ARMAND CABRERA said...

Those paintings are well paintied I guess nothing helps an artist paint better than the threat of torture and death for them and their family:-)

Oscar Baechler said...

Good stuff! I always feel kind of sad, because due to politics and economic woes, there's all sorts of painters who never get their dues in America. Anybody from Poland, Russia, China, that general historically communist area, isn't going to be as famous, even if they paint like they should be.

Oh yeah, you should check out this website, BTW. It's a free drawing/sketching tool, and it gets crazy-good results almost instantly.

http://mrdoob.com/projects/harmony/

goat89 said...

I have a link to several propaganda posters, in which I will not post them here for graphic reasons, shows that they have really good artists. Really beautiful, but the idea behind it is absolutely HORRIFIC.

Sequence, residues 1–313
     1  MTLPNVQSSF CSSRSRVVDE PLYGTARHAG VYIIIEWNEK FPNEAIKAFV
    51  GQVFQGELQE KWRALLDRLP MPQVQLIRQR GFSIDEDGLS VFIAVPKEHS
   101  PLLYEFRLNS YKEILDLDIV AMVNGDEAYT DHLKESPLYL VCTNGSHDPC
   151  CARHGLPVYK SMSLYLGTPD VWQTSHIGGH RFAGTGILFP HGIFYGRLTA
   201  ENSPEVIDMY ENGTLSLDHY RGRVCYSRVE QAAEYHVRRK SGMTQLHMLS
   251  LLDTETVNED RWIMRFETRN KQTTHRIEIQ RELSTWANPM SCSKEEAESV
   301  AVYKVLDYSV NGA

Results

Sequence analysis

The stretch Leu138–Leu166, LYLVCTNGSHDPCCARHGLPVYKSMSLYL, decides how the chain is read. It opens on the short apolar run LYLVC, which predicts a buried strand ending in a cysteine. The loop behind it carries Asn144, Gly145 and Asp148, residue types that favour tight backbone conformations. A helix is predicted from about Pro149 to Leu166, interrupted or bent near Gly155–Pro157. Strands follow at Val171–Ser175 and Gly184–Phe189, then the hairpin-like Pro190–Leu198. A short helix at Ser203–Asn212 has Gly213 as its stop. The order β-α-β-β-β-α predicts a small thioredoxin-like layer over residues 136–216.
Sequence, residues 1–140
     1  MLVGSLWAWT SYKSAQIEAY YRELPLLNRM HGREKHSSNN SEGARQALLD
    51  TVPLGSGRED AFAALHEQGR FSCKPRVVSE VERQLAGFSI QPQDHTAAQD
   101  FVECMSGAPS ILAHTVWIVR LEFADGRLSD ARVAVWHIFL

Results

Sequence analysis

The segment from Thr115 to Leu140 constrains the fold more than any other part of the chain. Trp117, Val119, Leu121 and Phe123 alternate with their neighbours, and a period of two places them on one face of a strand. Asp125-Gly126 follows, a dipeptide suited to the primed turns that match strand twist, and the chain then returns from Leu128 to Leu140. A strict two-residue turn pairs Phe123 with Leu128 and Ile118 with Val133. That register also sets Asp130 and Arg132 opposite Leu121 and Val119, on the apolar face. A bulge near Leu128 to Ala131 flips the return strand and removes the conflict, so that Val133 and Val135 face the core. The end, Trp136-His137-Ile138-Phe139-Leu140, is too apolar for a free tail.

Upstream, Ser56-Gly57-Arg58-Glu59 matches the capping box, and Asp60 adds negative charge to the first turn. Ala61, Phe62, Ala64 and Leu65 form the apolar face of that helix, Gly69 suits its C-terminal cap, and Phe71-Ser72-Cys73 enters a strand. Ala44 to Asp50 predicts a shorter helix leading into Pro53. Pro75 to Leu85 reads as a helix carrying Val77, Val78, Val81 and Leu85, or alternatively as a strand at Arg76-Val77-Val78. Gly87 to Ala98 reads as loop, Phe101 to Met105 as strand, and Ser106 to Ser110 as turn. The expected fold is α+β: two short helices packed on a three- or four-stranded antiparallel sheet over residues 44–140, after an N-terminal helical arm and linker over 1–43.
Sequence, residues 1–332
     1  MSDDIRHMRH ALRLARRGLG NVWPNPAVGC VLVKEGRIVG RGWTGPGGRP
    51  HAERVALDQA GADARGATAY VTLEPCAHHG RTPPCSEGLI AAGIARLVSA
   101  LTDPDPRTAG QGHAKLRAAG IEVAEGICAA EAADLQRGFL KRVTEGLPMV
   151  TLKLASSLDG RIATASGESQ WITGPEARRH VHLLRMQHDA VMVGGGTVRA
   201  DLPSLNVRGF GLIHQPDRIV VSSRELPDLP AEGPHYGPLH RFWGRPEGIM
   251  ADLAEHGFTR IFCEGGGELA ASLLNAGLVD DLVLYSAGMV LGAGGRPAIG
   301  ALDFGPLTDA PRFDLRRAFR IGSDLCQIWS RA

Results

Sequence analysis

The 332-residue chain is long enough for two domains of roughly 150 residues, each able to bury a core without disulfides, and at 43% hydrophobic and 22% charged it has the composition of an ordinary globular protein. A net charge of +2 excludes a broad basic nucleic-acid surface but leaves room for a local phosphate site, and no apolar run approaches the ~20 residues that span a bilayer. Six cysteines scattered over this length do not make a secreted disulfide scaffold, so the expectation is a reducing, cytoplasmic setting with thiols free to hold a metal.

Christopher Thornock said...

I have always wondered why totalitarian states (Soviet Union, China, North Korea, Nazi Germany, etc.) always tend towards the classical realist tradition. My guess is that there is the idea that the collective social agenda is more important than the individual. So any art that either calls too much attention to the individuality of the artist, or art that demands too much interpretation from the audience is verboten. The funny thing to me, concerning early Russian painting (around the time of the communist revolution) was the attempt by artists like Kasimir Malevich (painter of the Black Square, etc., worked abstractly) really wanted their art to stand out as a symbol of the communist ideal. His work was rejected by the party.

Gordon Napier said...

It's unfortunate that classical realism was retained as a propaganda art style by various totalitarian regimes, from the mid 20th century onwards- this was a boon to the modernists in the west who we still have to contend with. One can appreciate paintings of the likes of Napoleon and Washington looking excessively heroic without buying into the mythology.

artistguy said...